Baker, James Addison, 3d

The Columbia Encyclopedia, 6th ed.

Baker, James Addison, 3d

James Addison Baker, 3d, 1930–, U.S. political leader, b. Houston, Tex. After graduating from Princeton, he served in the U.S. Marines and earned a law degree from the Univ. of Texas. A successful corporate lawyer, he switched from the Democratic to the Republican party in 1970 and served (1975–76) as undersecretary of commerce during Gerald Ford's administration. Baker was campaign manager for Ford in his unsuccessful bid for a second term in 1976 and for George H. W. Bush in his unsuccessful bid for the Republican presidential nomination in 1980. Under President Ronald Reagan, Baker served as chief of staff (1981–85) and as secretary of the treasury (1985–88). He helped secure passage of the Kemp-Roth tax cut. In 1988 he managed G. H. W. Bush's successful presidential campaign. As secretary of state (1989–92) in Bush's administration, Baker negotiated arms reduction treaties with the Soviet Union, lent U.S. support to Germany's reunification, marshaled international opposition to Iraq's invasion of Kuwait (1990; see Persian Gulf Wars), and convened (1991) a Middle East peace conference that involved Israel, several Arab countries, and the Palestinians. In 1992, he resigned to become White House chief of staff again, with responsibility for domestic policy and for overseeing the unsuccessful Bush reelection campaign.

Baker later returned to law practice, and served (1997–2004) as UN envoy to the parties in the Western Sahara conflict. He also directed George W. Bush's legal efforts with respect to the contested 2000 presidential vote in Florida, and was appointed President G. W. Bush's personal envoy, charged with restructuring Iraq's national debt, in late 2003. In 2006 he co-chaired the Iraq Study Group, a bipartisan panel established by Congress to review and make recommendations on U.S. policy concerning Iraq. Baker has written The Politics of Diplomacy (1995, with T. M. DeFrank) and Work Hard, Study … and Keep Out of Politics (2006, with S. Fiffer), a memoir.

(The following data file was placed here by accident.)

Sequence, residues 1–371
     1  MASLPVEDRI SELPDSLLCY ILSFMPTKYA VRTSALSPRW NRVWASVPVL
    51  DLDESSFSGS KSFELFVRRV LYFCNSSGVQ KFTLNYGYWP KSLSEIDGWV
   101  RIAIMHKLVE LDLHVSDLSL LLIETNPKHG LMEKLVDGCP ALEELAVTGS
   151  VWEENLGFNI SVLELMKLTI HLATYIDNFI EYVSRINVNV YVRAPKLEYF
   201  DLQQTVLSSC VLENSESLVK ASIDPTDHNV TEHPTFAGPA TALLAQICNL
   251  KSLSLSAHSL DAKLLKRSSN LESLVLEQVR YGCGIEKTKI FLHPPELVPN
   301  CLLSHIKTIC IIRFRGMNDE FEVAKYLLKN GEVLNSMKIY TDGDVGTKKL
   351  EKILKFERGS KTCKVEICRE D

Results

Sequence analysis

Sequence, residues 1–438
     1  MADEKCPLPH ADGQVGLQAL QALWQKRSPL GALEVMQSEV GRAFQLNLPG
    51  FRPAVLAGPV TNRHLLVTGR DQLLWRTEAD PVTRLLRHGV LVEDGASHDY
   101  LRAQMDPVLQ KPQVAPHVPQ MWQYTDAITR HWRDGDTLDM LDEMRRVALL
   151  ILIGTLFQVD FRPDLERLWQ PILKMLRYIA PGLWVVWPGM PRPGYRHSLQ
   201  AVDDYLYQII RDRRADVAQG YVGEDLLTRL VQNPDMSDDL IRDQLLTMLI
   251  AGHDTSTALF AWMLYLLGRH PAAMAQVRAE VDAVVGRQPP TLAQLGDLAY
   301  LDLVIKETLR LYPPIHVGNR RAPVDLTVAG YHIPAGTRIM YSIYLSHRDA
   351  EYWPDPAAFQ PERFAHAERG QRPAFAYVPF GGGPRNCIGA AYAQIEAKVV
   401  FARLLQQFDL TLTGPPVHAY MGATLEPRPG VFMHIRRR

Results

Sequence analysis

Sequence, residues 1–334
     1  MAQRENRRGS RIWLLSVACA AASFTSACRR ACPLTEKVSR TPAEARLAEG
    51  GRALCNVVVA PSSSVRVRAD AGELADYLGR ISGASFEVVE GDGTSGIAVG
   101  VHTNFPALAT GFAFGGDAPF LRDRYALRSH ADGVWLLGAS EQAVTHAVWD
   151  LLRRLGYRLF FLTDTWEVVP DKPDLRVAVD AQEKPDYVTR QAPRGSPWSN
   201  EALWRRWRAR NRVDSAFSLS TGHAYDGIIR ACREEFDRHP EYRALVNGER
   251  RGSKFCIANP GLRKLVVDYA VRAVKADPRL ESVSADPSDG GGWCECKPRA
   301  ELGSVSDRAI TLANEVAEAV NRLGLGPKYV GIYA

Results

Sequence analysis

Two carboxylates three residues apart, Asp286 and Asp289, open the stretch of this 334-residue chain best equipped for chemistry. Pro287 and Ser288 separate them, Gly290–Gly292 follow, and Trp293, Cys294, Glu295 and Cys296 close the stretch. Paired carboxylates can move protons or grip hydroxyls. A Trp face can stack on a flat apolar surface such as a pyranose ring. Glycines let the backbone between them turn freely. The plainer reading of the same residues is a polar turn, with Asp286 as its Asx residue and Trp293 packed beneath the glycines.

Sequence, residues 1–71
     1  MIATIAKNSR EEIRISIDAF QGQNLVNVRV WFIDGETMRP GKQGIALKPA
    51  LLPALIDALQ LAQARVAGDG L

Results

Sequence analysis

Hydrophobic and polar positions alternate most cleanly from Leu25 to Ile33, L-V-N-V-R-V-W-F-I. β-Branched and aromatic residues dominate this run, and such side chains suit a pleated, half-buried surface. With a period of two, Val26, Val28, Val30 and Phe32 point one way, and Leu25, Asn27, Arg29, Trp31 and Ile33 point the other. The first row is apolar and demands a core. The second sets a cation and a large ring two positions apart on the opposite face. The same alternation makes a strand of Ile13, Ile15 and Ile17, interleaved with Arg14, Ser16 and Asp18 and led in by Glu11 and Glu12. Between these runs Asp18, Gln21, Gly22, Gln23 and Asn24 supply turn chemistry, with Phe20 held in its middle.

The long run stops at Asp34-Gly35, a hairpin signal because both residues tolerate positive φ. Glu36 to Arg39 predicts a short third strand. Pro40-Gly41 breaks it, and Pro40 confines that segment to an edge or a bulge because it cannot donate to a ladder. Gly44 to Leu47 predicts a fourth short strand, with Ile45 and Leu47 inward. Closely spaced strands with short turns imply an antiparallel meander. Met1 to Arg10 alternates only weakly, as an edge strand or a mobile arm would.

Notes for this article

Add a new note
If you are trying to select text to create highlights or citations, remember that you must now click or tap on the first word, and then click or tap on the last word.
One moment ...
Project items

Items saved from this article

This article has been saved
Highlights (0)
Some of your highlights are legacy items.

Highlights saved before July 30, 2012 will not be displayed on their respective source pages.

You can easily re-create the highlights by opening the book page or article, selecting the text, and clicking “Highlight.”

Citations (0)
Some of your citations are legacy items.

Any citation created before July 30, 2012 will labeled as a “Cited page.” New citations will be saved as cited passages, pages or articles.

We also added the ability to view new citations from your projects or the book or article where you created them.

Notes (0)
Bookmarks (0)

You have no saved items from this article

Project items include:
  • Saved book/article
  • Highlights
  • Quotes/citations
  • Notes
  • Bookmarks
Notes
Cite this article

Cited article

Style
Citations are available only to our active members.
Sign up now to cite pages or passages in MLA, APA and Chicago citation styles.

(Einhorn, 1992, p. 25)

(Einhorn 25)

1

1. Lois J. Einhorn, Abraham Lincoln, the Orator: Penetrating the Lincoln Legend (Westport, CT: Greenwood Press, 1992), 25, http://www.questia.com/read/27419298.

Cited article

Baker, James Addison, 3d
Settings

Settings

Typeface
Text size Smaller Larger
Search within

Search within this article

Look up

Look up a word

  • Dictionary
  • Thesaurus
Please submit a word or phrase above.
Print this page

Print this page

Why can't I print more than one page at a time?

Full screen

matching results for page

Cited passage

Style
Citations are available only to our active members.
Sign up now to cite pages or passages in MLA, APA and Chicago citation styles.

"Portraying himself as an honest, ordinary person helped Lincoln identify with his audiences." (Einhorn, 1992, p. 25).

"Portraying himself as an honest, ordinary person helped Lincoln identify with his audiences." (Einhorn 25)

"Portraying himself as an honest, ordinary person helped Lincoln identify with his audiences."1

1. Lois J. Einhorn, Abraham Lincoln, the Orator: Penetrating the Lincoln Legend (Westport, CT: Greenwood Press, 1992), 25, http://www.questia.com/read/27419298.

Cited passage

Welcome to the new Questia Reader

The Questia Reader has been updated to provide you with an even better online reading experience.  It is now 100% Responsive, which means you can read our books and articles on any sized device you wish.  All of your favorite tools like notes, highlights, and citations are still here, but the way you select text has been updated to be easier to use, especially on touchscreen devices.  Here's how:

1. Click or tap the first word you want to select.
2. Click or tap the last word you want to select.

OK, got it!

Thanks for trying Questia!

Please continue trying out our research tools, but please note, full functionality is available only to our active members.

Your work will be lost once you leave this Web page.

For full access in an ad-free environment, sign up now for a FREE, 1-day trial.

Already a member? Log in now.